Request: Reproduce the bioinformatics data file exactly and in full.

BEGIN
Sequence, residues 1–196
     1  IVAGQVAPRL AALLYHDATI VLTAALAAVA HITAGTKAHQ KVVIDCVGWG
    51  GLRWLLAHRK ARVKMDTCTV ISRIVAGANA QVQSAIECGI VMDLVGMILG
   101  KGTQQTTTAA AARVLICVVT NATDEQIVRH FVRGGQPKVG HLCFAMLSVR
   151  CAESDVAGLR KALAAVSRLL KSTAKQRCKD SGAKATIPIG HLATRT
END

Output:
Sequence, residues 1–196
     1  IVAGQVAPRL AALLYHDATI VLTAALAAVA HITAGTKAHQ KVVIDCVGWG
    51  GLRWLLAHRK ARVKMDTCTV ISRIVAGANA QVQSAIECGI VMDLVGMILG
   101  KGTQQTTTAA AARVLICVVT NATDEQIVRH FVRGGQPKVG HLCFAMLSVR
   151  CAESDVAGLR KALAAVSRLL KSTAKQRCKD SGAKATIPIG HLATRT